• MFD

        Car driver or PT passenger, they are all close to useless if you were to adopt a “lean manufacturing” approach and ask if anyone is prepare to pay them for what they achieve during their journey so I can’t see any compelling reason for a difference in value. About the most productive thing I managed on PT or as a carpool passenger was sleeping – it saved some of the night for more productive purposes. Having said that, is there any evidence that the difference is a factor of 2? I recall it being something like 83% on a previous thread.

  • Greg N

    I don’t think that anyone (Government included) would agree that a “Do Nothing” option is a viable one given the CCFAS draft findings.

    However, the usual choice for Transport projects involving Government money (when it is not a Roads based Transport project) is the “Do Minimum” option
    – which is this case would include the Bus system reorganisation to better utilise the Rail network plus no doubt some more “bus priority” measures as well as – which is about the best of a bad lot and already under way.

    However, as Matt points out, even that is still not really going to achieve anything to solving the looming problem longer term, as the CCFAS assumes that the “Do Minimum” has already been done.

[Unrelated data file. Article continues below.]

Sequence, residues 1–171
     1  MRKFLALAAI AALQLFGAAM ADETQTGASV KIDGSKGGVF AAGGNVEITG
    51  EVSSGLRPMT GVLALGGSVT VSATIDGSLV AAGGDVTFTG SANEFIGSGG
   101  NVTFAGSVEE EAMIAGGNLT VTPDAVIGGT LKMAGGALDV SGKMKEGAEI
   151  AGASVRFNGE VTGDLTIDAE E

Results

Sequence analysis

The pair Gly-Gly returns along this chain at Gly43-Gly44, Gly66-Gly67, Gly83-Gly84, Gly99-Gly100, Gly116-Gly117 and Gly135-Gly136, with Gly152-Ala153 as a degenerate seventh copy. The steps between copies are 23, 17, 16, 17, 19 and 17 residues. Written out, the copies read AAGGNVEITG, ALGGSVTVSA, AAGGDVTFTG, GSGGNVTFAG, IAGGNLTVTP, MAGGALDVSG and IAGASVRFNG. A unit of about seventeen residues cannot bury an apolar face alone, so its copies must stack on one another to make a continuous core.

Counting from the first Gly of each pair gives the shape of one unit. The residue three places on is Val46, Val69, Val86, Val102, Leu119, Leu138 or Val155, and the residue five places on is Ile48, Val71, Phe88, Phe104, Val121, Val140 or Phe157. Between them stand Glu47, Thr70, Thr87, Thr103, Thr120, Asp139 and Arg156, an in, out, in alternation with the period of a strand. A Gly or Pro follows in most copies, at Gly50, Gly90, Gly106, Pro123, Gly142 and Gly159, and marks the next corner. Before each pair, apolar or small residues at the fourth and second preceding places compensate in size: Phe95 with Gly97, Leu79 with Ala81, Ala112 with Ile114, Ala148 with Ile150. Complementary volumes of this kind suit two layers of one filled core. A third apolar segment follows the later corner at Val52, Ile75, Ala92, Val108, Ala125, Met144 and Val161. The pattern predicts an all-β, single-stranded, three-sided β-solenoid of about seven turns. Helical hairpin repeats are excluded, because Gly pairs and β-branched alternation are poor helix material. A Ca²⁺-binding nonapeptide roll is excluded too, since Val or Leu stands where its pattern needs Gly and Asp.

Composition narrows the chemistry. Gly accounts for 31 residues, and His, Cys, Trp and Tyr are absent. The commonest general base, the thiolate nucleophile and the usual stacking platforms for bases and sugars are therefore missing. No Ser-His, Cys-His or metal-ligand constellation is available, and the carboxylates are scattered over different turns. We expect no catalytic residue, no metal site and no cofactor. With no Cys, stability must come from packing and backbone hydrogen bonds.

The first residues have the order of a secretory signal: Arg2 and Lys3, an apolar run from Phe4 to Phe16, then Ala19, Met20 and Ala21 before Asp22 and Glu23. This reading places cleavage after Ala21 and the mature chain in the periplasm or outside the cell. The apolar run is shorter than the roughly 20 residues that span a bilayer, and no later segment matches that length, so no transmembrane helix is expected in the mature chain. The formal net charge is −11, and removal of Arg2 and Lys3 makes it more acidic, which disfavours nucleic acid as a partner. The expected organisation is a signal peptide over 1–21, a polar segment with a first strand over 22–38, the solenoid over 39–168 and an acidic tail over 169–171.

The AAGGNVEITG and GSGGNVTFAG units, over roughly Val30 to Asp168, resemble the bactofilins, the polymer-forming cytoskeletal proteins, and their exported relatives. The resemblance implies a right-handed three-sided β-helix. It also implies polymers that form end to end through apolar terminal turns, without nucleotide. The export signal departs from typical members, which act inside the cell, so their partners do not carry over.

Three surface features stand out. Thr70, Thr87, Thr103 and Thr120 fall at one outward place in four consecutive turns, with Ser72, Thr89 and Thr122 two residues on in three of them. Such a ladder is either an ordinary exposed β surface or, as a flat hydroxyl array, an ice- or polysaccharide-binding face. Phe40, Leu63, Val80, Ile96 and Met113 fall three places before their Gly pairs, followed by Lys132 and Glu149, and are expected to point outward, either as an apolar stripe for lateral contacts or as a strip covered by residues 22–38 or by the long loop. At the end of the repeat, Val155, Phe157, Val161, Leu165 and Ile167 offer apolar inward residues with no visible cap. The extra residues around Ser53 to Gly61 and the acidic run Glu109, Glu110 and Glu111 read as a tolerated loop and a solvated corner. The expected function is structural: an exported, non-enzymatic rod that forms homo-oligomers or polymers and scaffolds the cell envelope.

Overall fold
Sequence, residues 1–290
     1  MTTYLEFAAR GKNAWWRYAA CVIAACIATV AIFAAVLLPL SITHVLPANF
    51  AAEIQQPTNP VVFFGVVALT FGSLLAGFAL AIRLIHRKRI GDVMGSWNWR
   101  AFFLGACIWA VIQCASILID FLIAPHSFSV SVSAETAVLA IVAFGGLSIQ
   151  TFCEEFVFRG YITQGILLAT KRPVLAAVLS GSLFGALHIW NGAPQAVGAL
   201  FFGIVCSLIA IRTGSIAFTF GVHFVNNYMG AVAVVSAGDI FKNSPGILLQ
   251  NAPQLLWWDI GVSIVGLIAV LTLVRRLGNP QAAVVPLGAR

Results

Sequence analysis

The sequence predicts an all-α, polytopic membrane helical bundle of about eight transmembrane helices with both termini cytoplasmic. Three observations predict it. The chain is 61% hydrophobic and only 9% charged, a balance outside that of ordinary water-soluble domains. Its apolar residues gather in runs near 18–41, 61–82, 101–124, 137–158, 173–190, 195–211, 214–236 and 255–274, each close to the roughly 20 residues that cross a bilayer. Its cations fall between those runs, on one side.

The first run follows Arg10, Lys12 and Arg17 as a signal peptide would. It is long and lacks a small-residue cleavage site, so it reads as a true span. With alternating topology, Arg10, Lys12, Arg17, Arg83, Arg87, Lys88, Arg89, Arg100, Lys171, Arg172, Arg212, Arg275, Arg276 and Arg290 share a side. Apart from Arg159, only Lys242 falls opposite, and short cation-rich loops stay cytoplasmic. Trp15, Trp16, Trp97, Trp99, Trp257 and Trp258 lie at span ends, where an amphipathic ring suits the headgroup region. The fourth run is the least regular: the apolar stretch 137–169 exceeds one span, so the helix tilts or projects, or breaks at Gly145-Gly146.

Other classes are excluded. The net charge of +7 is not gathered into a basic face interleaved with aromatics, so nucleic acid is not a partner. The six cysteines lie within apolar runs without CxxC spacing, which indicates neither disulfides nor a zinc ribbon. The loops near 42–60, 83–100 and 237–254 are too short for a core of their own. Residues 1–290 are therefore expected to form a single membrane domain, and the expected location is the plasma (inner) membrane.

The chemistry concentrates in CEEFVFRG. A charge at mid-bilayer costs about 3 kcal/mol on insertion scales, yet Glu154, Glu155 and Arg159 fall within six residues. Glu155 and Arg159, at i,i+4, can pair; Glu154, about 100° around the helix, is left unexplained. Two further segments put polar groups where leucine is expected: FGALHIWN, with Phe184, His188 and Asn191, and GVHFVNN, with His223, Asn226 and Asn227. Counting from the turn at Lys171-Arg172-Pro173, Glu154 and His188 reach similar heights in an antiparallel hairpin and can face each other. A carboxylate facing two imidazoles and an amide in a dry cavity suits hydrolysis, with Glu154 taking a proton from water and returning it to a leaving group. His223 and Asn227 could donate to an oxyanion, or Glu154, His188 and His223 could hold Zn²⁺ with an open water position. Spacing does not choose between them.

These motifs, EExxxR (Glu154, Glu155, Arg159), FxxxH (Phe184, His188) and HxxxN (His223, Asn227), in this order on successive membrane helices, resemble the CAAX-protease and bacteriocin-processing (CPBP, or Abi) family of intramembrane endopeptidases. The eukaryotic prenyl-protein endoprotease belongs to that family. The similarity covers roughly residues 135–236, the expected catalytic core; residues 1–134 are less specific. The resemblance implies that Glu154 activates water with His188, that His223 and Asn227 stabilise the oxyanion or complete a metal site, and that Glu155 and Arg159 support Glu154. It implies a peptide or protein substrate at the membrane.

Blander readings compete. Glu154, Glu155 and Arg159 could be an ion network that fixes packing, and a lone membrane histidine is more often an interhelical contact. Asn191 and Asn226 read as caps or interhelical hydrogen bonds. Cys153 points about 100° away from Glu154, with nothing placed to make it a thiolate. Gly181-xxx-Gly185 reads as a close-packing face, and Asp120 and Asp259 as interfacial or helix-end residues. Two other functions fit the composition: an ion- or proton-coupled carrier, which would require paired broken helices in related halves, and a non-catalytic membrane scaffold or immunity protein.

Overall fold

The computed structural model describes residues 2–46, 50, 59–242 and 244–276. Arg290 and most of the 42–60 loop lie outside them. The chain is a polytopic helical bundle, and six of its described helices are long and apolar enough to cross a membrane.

– “Putting lipstick on a pig” is how I’d describe that type of Do Minimum, others may describe as “rearranging deckchairs on the Titanic”.

    As Patrick points out the time for urgency is upon us, as the completion time for the “Critical Rapid [Transit] Link” (aka “CRL”) is now even if we started tomorrow, not due to 2021/2 – which is too close even now, 10 years out from the looming traffic chaos to easily avoid.

    What I can see ahead (before we get closer to the CRL Nirvana) though is yet more buggering around with the decision making and funding arguments (sorry “discussions”) between Auckland Council and the Government – dragging on for some time no doubt.
    These “discussions” could be stretched out, possibly until (a forseeable worst case scenario) beyond the next election in 2014, until after the Economy, Petrol prices and of course those Bus changes are all “bedded down” – r.g. sometime in 2016 if ever..